Prior to forming Windermere in 2010, I worked in public accounting. For those not familiar with the industry/career track, it is a very challenging environment. It is a professional services industry, so the client’s timelines and demands rule the day. There is a known pathway to each promotion so performance on every job/task matters. Virtually everyone around you has only worked in this profession so there is a lot of group think and peer pressure to out-work and out-hustle the person sitting next to you at the conference table. It was an intense environment – and there was so much I loved about it.
One of the things I loved the most was the caliber of people I worked with. I was surrounded daily by highly motivated and intellectual individuals. Given that it was a project-based environment, I was able to work for quite a few different bosses and learned so much from each of them. One in particular that stands out was a partner who transferred into the Milwaukee office in the latter years of his career to help the office navigate the merger of Andersen/Deloitte. He was a grizzled Deloitte veteran partner, with over 25 years of wisdom and battle scars. He was always blunt and never sugar coated things – but regardless of the delivery, his advice somehow always seemed to be as accurate as it was jarring.
I’ll never forget one such piece of advice he shared with our team after a particularly challenging day on the job. He surveyed the audit room filed with tired and worn down faces and simply said – “Laughing or crying, it all pays the same” Perhaps HR would have asked him to reword the sentiment slightly, but I instantly understood what he meant and realized he was right. We were all adults and had chosen to be at the firm and in this role. We knew the job and what was required of us and had chosen to stay. We couldn’t control what happened to us but we could control our reaction to it. We could shift our attitude and make the best out of the opportunity. We could believe that better days were coming and that this too would pass.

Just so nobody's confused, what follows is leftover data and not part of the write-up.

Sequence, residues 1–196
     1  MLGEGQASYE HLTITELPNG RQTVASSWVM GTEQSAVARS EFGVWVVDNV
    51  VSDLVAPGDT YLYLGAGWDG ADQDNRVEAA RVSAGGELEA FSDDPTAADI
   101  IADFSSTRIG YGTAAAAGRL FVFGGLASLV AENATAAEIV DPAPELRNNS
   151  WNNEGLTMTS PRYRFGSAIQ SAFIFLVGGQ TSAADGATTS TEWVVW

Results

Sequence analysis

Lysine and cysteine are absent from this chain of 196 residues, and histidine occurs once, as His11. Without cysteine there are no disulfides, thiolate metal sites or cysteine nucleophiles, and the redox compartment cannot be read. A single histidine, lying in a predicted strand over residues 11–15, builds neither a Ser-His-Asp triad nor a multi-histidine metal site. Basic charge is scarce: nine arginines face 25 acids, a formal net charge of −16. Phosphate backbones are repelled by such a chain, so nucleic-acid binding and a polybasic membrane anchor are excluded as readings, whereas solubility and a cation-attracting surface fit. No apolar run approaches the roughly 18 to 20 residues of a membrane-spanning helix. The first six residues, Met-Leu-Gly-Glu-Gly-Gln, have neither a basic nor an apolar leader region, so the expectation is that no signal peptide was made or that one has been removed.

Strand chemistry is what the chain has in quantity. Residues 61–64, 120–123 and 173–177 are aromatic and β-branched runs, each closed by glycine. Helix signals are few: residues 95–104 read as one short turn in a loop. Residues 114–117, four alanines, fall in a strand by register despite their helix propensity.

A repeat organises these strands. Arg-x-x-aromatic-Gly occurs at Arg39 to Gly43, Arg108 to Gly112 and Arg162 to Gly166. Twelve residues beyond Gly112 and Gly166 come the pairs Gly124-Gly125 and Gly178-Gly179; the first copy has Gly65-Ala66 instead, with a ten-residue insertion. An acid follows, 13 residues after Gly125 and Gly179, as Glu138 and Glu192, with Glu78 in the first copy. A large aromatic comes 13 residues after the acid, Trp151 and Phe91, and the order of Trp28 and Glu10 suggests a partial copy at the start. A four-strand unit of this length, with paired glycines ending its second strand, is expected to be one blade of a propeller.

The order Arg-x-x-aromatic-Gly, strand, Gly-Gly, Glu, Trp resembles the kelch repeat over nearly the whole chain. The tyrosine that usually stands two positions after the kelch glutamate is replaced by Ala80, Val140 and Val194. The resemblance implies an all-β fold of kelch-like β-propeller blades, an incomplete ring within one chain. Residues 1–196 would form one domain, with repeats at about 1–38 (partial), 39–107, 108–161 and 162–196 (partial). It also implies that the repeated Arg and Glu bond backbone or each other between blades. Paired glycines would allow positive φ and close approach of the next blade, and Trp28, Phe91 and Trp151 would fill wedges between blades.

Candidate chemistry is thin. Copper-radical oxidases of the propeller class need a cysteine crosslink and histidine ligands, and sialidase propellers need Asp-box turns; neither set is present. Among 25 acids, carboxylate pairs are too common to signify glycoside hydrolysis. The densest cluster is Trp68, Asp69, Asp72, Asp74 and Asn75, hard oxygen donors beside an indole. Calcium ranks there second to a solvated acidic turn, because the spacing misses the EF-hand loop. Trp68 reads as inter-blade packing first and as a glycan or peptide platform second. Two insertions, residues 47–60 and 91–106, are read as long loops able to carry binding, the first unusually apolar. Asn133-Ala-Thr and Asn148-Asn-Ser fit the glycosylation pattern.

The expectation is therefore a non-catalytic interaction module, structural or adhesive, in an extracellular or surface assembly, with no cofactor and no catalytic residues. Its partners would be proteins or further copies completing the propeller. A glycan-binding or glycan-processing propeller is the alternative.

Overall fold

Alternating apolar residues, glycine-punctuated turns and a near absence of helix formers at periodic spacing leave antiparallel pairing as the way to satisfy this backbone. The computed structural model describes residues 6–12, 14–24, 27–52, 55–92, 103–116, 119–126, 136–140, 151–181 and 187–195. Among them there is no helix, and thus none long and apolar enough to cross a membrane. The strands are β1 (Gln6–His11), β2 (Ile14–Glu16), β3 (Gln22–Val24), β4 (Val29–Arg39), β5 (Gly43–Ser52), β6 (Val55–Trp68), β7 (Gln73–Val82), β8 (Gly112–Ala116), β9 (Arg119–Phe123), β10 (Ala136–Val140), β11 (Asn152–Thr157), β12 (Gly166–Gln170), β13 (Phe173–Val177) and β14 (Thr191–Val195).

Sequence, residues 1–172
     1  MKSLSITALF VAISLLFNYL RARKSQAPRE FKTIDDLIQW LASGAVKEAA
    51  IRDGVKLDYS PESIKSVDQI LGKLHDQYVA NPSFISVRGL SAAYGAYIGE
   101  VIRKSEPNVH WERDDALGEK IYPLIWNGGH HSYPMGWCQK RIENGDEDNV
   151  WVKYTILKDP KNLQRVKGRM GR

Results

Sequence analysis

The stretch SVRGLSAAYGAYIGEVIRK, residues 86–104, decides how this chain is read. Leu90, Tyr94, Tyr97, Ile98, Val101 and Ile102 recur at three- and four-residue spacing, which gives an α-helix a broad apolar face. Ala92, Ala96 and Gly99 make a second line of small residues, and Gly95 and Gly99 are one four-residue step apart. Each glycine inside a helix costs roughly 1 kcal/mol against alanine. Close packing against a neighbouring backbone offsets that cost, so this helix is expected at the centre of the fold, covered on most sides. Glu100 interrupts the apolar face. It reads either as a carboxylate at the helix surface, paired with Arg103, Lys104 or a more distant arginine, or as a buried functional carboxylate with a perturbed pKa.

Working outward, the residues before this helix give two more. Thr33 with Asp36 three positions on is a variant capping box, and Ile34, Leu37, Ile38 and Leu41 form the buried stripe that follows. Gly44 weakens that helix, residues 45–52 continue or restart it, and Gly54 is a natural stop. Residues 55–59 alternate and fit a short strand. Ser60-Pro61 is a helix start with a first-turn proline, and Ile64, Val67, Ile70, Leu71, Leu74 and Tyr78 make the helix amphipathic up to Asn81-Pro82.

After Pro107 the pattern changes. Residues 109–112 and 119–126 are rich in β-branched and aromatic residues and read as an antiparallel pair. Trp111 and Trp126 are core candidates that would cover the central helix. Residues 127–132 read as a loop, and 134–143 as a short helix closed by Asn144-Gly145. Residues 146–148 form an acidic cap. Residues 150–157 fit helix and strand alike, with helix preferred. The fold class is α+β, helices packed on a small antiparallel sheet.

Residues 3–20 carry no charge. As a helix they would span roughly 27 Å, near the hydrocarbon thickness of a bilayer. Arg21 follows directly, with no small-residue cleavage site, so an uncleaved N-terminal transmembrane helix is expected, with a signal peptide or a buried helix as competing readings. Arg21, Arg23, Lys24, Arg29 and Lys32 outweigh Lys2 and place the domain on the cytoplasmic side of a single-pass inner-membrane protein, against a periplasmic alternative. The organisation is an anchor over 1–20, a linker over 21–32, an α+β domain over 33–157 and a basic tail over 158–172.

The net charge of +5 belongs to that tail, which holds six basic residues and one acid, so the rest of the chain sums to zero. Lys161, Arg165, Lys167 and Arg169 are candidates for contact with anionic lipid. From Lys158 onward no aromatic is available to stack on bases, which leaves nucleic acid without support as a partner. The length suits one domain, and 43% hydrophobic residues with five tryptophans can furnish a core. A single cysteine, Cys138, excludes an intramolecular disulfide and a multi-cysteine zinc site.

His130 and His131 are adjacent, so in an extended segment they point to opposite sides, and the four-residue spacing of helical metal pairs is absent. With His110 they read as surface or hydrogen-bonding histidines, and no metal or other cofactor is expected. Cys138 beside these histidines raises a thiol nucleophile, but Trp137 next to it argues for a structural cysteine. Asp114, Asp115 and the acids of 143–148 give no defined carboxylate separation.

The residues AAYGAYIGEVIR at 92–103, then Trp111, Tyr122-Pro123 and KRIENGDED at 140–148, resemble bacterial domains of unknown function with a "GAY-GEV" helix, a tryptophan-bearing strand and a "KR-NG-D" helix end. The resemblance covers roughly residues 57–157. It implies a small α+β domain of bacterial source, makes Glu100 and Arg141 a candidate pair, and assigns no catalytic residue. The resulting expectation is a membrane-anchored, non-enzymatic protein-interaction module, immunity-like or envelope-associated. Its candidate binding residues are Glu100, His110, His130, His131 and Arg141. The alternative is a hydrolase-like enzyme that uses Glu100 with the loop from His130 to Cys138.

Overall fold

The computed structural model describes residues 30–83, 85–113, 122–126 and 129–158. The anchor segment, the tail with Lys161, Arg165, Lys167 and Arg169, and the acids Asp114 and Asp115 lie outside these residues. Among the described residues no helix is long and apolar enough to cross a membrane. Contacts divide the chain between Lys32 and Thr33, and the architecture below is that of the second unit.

Since that day (and for as along as I can remember before then too), I have tried very hard to remain an optimist (choosing to “laugh”) versus a pessimist (spending my time “crying”). Regardless of the circumstance, there is usually some level of opportunity to focus on the positive. It doesn’t solve the issue but it sure makes it easier to endure.
Despite my best efforts, being an optimist in today’s world – especially today’s investing world – is no easy feat. Pessimism reigns supreme and it seems I can’t go a day (or even an hour!) without encountering a doomsday scenario or a counter-narrative that encourages some level of crying (literal or figurative, ha!).
Don’t take this the wrong way – I’m not dismissing any of the risks present today or turning a blind eye to the challenges ahead. I am immersed in markets and data constantly and I’m well aware of the reality of today’s circumstances. You name it and I’m thinking about it – changing interest rates, global unrest, energy and food supplies, inventory adjustments, earnings revisions, changes in consumer confidence, any countless others you are all too familiar with.
And yet, similar to that day in the audit room, I understand that I have agency and choice. I am an adult and have chosen to be a participant in markets to compound my wealth over future decades. I understand that investing involves risk and volatility. I know I can’t control the daily movements in markets but I can control how I react. I can shift my attitude and realize investing has always been, and will always be, an opportunity. I can believe that better days are coming and that this too would pass, as it has over and over again for the 25+ years I’ve been on this journey. I’m choosing optimism – and it helps.
As I’ve written about in recent columns (and will likely write about again), if you step back from the past six months – as well as from our worst case projections of the upcoming few), human progress (and markets) have a definite “up and to the right” trendline. Roughly 80-90% of the time, equity markets rise. The optimists have prevailed time and time again. Markets and the process of investing over the long-term have been proven out time and time again. Will this time prove to be different? Is this the time that all ends? No one knows that for sure but the pure math of it resoundingly tells us otherwise. Now is not the time to “cry” and abandon the process. Now is the time to make the changes you can, take the actions that are productive (ie: tax loss harvesting, upgrading positions, making adjustments around target allocations), and keep moving forward.
There is so much we don’t know about what lies in front of us on our financial journey. What I do know for sure is that it will be far more enjoyable and far more productive if we “laugh” along the way. It’s a choice. Let’s make it together.
Your ever enduring optimist,
Note: All commentary above is as of the date of this post and is for education and informational purposes only. Windermere and its principals do not intend for this to serve as investment advice and are not responsible for any actions taken based on this article. Consult your financial advisor before taking any actions as it relates to your own investment portfolio
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